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The working title of this film was The Good Samaritan. Although onscreen credits offer the following spelling for the actors names: Marc Lobell and Perry Ivins, the Twentieth Century-Fox Produced Scripts Collection at the UCLA Theater Arts Library and the Variety review spell their names Marc Loebell and Perry Evans. The picture was not released nationally until 1941, but had its previews in Joplin, MO, and at the Ambassador Theater in Los Angeles, CA, on 2 October 1939.
According to the Film Daily review, the Reverend James K. Friedrich, an Episcopal minister, produced this picture in order to portray a "correct" version of the crucifixion. Memos contained in the MPAA/PCA Collection at the AMPAS Library note that after Joseph I. Breen voiced concerns about the onscreen representation of Jesus, producer John Coyle decided to eliminate Jesus as an onscreen character and to use the camera's point of view to represent him instead. News items in Hollywood Reporter note that Cathedral Films borrowed Albert Dekker from Paramount to appear in this film. The film was shot on location at Lone Pine and Sherwood Lake, CA. An article in Time adds that the picture cost $130,00 to produce.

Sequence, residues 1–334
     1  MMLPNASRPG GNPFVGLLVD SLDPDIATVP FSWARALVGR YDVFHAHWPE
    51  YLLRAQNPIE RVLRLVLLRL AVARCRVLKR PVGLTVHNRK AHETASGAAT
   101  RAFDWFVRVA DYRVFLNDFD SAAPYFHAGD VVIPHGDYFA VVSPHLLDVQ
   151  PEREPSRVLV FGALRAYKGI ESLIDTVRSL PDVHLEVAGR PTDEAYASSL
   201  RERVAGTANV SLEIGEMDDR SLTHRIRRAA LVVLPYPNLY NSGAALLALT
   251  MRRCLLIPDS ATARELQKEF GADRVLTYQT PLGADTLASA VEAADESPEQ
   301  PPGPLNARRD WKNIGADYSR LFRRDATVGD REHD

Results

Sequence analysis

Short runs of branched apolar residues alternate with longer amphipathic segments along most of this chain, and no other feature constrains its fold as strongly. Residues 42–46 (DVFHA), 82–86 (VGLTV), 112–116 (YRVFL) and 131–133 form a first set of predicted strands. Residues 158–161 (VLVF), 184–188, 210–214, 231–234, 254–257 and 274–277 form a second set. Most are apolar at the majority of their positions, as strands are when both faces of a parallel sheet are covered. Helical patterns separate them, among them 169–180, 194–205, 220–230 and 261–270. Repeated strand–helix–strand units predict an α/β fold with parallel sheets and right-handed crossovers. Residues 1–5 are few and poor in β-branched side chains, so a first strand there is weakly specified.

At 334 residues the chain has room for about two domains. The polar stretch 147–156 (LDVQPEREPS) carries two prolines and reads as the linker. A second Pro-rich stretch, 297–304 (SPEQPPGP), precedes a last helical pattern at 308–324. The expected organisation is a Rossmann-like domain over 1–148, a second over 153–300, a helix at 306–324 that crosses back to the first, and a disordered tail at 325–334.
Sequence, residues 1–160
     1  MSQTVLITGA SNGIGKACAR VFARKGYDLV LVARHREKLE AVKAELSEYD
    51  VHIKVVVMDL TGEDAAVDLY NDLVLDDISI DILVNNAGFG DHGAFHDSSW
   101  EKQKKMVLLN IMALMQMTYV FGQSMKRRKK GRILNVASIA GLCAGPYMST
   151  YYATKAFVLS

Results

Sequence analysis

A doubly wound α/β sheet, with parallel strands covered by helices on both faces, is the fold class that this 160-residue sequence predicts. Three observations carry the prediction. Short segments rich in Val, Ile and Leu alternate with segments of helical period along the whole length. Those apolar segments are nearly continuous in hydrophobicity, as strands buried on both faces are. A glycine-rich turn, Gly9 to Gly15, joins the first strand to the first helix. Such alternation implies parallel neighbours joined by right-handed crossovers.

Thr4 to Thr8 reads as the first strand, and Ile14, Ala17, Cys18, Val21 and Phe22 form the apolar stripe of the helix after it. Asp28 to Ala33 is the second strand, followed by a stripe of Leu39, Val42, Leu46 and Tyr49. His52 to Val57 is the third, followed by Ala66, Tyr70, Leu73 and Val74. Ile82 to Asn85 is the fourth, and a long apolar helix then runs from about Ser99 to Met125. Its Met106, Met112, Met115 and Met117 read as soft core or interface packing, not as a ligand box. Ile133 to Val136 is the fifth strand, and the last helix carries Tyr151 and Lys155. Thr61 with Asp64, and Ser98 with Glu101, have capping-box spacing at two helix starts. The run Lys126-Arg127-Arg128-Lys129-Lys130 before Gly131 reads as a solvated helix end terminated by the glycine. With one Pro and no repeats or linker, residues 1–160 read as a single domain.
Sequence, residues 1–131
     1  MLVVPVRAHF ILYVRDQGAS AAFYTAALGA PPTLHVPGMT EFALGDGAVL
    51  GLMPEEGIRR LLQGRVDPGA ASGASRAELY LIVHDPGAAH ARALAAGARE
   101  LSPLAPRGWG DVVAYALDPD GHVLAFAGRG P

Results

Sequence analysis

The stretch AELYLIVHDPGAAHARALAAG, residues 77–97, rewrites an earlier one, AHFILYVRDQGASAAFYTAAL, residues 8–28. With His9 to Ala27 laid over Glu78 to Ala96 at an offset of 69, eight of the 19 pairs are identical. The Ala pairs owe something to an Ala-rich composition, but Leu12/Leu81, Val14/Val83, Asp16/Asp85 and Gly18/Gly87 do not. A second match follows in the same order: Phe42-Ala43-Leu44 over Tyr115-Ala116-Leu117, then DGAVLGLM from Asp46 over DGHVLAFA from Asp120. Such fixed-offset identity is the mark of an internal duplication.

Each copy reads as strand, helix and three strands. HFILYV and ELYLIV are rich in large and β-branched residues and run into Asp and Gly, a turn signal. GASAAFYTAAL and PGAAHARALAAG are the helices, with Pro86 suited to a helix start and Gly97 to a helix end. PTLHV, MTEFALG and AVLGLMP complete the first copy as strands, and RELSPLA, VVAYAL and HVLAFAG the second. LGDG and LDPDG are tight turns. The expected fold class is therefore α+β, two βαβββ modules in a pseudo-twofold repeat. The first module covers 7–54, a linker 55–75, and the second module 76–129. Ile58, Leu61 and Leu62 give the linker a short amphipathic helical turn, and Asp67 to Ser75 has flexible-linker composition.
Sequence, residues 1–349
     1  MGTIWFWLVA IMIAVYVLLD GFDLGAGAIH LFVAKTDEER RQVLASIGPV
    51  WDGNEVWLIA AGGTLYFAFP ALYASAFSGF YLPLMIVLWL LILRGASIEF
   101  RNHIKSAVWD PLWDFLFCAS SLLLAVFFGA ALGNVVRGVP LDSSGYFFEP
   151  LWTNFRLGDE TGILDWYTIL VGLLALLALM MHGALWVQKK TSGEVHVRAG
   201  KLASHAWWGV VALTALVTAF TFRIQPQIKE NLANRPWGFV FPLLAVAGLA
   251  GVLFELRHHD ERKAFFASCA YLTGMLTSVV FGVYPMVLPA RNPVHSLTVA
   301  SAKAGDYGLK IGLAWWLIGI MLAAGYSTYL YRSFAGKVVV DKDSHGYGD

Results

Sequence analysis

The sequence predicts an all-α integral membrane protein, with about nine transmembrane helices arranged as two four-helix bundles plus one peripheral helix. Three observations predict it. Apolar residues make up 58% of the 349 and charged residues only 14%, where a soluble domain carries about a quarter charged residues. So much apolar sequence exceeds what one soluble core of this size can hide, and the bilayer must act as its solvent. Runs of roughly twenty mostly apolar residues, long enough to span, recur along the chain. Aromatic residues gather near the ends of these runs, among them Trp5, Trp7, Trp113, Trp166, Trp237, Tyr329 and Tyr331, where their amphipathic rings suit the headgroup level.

The Great Commandment was made without a pre-arranged distribution deal, and Cathedral Films planned to roadshow the film with the backing of religious groups. A 1948 article in Variety notes that in 1939, Fox bought the film for $170,000 with the intention of remaking it into a spectacle co-starring Tyrone Power and Linda Darnell. After spending $340,000 preparing for the new production, Fox decided to release the original version. A news item in Los Angeles Examiner adds that Fox production head Darryl F. Zanuck was so impressed with Irving Pichel's direction of the film that he hired him to direct for Fox. The 1948 Variety article notes that after the end of World War II, Fox shelved the picture and Cathedral re-purchased it for screening in churches.